1.      The most active and conspicuous organs of plants.


2.      The most important function is absorbing sunlight for photosynthesis. To do this, they expose large amounts of surface area to the environment.


Phyllotaxis (from the Greek: phyllon - leaf; taxis - arrangement). The arrangement of leaves on a stem. It is determined at the shoot apex and is species-specific.

1.      Spiral or alternate phyllotaxis - most plants have this arrangement of leaves. One leaf per node. Birch (Fagus), oak (Quercus), mulberry (Morus) have alternate phyllotaxy.  If leaves form 2 parallel ranks along the stem, the phyllotaxis is said to be distichous, as in ginger, pea (Pisum sativum), and saltgrass.

2.      Opposite phyllotaxis - have 2 leaves per node, as in maple (Acer), ash (Fraxinus), and olive (Olea). When pairs of leaves at successive nodes are at right angles to each other, the phyllotaxis is decussate, as in coleus.

3.      Whorled phyllotaxis - have 3 or more (and as many as 25) leaves per node. Oleander (Nerium oleander), Peperomia, and horsetail (Equisetum) have whorled phyllotaxy.


Phyllotaxis is independent of leaf shape.



Anatomy and function

  1. Leaves are adapted to perform certain important functions: photosynthesis, respiration, and transpiration.
  2. A typical foliage leaf consists of a large, flat leaf blade (lamina), a petiole (leaf stalk), and a leaf base with which the leaf is attached to the stem.
  3. Veins (vascular tissue strands) are often clearly visible on the leaf blade.
  4. Leaf blades of some plants show indentations or clefts in the leaf margin. If these indentations reach all the way to the midrib so that the leaf blade is divided into a number of smaller pinnae (leaflets), the leaf is called a compound leaf. If the leaf blade is not divided into leaflets, the leaf is termed a simple leaf. Most monocots have simple leafs, while dicots have either simple or compound leaves.
  5. Epidermis:
    1. The cuticle prevents water loss.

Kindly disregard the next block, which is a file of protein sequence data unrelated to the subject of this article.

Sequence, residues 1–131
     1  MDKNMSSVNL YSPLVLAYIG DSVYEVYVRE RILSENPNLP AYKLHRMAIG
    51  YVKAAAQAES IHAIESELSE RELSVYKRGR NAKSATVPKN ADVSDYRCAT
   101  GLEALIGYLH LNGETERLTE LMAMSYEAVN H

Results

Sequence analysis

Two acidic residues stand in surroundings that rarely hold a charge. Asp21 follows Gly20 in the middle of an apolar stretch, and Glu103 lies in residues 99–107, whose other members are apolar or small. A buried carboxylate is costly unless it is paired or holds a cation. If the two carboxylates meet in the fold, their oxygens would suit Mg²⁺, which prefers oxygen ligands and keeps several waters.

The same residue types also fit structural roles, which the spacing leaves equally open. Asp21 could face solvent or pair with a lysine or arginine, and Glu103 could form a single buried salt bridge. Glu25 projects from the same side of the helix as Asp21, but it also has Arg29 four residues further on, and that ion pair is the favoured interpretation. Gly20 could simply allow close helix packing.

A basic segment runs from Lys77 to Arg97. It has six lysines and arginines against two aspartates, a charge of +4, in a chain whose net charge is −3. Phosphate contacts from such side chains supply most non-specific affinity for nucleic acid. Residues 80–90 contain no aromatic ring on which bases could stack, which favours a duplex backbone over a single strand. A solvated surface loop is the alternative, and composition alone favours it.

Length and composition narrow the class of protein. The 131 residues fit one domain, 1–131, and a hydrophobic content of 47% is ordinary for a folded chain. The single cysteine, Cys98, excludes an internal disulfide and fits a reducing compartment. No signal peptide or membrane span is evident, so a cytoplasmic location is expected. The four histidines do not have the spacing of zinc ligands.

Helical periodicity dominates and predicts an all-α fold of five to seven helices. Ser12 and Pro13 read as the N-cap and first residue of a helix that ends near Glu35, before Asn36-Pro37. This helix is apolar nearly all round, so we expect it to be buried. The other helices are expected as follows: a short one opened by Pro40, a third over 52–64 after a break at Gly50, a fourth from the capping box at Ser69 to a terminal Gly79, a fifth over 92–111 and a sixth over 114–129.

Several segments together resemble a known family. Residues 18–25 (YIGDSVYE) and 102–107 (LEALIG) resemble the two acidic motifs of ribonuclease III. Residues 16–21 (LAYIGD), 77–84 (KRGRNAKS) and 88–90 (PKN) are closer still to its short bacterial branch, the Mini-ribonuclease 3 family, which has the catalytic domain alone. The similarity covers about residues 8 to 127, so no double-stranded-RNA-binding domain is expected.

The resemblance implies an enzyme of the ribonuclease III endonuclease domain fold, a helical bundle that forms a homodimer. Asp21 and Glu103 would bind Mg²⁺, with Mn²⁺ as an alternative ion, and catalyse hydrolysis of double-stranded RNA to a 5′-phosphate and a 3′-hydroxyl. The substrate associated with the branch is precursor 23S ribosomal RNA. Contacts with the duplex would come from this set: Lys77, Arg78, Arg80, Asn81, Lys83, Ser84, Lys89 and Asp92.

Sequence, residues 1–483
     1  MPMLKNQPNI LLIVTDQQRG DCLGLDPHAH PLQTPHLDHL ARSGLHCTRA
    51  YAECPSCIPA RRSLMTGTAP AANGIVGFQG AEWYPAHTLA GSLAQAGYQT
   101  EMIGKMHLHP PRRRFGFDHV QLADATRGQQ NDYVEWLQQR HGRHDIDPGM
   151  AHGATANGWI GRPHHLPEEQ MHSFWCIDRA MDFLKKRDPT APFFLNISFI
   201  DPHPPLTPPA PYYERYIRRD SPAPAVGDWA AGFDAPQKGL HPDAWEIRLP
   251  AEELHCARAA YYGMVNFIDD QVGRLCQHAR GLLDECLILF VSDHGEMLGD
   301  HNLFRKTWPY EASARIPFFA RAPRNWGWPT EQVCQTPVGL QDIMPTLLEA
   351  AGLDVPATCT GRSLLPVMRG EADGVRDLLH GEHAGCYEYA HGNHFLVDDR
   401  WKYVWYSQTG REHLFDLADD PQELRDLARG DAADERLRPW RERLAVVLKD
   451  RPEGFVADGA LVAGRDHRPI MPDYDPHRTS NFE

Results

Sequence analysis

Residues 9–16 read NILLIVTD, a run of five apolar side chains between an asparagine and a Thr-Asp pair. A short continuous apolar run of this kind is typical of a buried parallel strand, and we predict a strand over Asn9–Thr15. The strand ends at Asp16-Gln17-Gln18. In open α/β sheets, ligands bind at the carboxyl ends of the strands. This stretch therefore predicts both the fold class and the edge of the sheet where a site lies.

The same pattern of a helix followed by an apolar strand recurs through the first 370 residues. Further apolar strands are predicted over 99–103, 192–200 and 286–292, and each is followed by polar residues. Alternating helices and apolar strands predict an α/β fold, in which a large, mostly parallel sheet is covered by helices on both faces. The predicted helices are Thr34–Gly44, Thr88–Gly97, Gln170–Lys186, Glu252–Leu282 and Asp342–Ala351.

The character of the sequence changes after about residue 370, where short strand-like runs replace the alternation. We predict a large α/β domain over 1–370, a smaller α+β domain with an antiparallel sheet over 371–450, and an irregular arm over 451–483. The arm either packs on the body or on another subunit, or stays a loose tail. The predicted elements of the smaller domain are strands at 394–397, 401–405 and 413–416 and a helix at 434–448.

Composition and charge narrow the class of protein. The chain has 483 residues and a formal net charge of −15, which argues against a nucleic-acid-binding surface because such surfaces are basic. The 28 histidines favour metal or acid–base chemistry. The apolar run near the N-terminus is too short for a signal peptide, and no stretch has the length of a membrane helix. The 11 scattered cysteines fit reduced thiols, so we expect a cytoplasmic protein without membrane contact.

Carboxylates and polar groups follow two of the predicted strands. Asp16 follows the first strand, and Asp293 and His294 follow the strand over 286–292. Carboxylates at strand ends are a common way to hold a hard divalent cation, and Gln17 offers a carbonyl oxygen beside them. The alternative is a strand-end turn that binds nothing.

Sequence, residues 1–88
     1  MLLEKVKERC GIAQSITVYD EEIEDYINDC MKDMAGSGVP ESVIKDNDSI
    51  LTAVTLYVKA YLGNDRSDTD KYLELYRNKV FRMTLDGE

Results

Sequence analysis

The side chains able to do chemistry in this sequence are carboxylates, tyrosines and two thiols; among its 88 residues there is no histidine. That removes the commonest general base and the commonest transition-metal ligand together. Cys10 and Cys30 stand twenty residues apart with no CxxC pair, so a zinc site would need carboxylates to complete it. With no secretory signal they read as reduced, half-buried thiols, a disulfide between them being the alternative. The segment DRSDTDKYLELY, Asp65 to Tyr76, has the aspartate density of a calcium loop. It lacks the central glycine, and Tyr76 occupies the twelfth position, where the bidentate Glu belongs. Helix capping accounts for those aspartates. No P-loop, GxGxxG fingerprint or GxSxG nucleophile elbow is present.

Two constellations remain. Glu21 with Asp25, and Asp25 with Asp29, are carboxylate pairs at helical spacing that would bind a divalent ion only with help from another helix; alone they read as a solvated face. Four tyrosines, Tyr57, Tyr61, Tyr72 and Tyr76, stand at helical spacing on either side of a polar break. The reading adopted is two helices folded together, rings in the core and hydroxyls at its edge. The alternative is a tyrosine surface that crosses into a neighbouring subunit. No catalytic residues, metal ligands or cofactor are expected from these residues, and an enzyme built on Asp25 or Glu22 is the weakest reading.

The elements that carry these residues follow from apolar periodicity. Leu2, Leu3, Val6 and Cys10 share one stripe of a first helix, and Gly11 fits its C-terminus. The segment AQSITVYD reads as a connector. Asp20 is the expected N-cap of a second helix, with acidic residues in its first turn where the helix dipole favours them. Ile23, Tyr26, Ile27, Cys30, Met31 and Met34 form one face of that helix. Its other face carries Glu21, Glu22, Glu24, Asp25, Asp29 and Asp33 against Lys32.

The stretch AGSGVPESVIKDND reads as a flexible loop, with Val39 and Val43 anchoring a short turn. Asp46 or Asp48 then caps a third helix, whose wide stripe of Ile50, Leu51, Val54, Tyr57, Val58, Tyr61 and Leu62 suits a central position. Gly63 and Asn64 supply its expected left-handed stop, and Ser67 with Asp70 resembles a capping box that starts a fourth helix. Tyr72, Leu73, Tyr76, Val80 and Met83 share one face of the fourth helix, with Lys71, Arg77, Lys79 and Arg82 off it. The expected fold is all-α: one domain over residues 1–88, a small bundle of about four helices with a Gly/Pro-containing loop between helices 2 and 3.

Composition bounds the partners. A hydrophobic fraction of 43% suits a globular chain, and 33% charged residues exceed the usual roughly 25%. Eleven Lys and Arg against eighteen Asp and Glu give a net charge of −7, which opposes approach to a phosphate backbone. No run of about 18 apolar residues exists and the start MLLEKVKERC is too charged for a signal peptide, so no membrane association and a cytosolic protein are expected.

2. The epidermis protects the internal tissues from injury.
    3. The stomata allow for gas exchange for photosynthesis and respiration.
    4. Since the epidermis is translucent it allows light to reach the mesophyll tissue for photosynthesis.
  6. Mesophyll: this tissue forms the bulk of the leaf. It makes up the green tissue of the leaf and consists of chloroplasts.
    1. Differentiated into palidade parenchyma and spongy parenchyma.
    2. Palisade parenchyma – thin-walled cells with large numbers of chloroplasts. Cylindrical in shape. Responsible for photosynthesis.
    3. Spongy mesophyll – ball-shaped cells with large intercellular spaces, but contains fewer chloroplasts than palisade cells. Allows for gas exchange.
  7. Veins: a vein contains the vascular tissue which contains xylem and phloem. The lignified xylem cells are situated towards the upper epidermis and the phloem towards the lower epidermis
    1. Veins strengthen the lamina.
    2. Xylem conducts water and dissolved ions (minerals) to mesophyll tissue.
    3. Phloem conducts organic food such as glucose from mesophyll to other parts of the plant.


Why are there leaves of so many different shapes?

  1. The shape of a leaf is a response to a plant species’ long term ecological and evolutionary histories.
  2. An ecosystem’s limiting factors may also modify the finished form and shape of a plant’s leaves.
  3. Understanding the “logic” behind the varied forms of leaves is facilitated by a grasp of the functions a leaf must accomplish.
    1. A leaf must capture sunlight for photosynthesis (as it does this it may absorb a great deal of heat).
    2. A leaf must take in carbon dioxide from the surrounding air via pores (stomata) for photosynthesis. CO2 in, water out, when stomata are opened. Leaf must perform a balancing act: absorb enough sunlight and CO2 to power photosynthesis; but not to absorb too much heat or lose too much water in the process.


Structure of leaves

1.      Simple leaves - have a flat, undivided blade, not separated into leaflets, that is supported by a stalk, called a petiole. Leaves of plants, such as Zinnia, that lack petioles are called sessile leaves. Redbud, elm, and maple have simple leaves.

2.      Compound leaves - have blades that are divided into leaflets that form in one plane. Leaflets lack axillary buds, but each compound leaf has a single bud at the base of its petiole. There are two kinds of compound leaves: pinnately compound leaves and palmately compound leaves.

a.      Pinnately compound leaves - form in pairs along a central, stalk-like rachis. Ash, walnut, and rose.

Bipinnately compound leaf pinnately compound leaf with the leaflets divided pinnately again.

b.      Palmately compound leaves - attach at the same point, mush as the fingers are attached to your palm. Horse chestnut (Aesculus), marijuana (Cannabis), clover (Trifolium) and lupine (Lupinus).

3.      How to tell a single leaflet of a compound leaf from a simple leaf?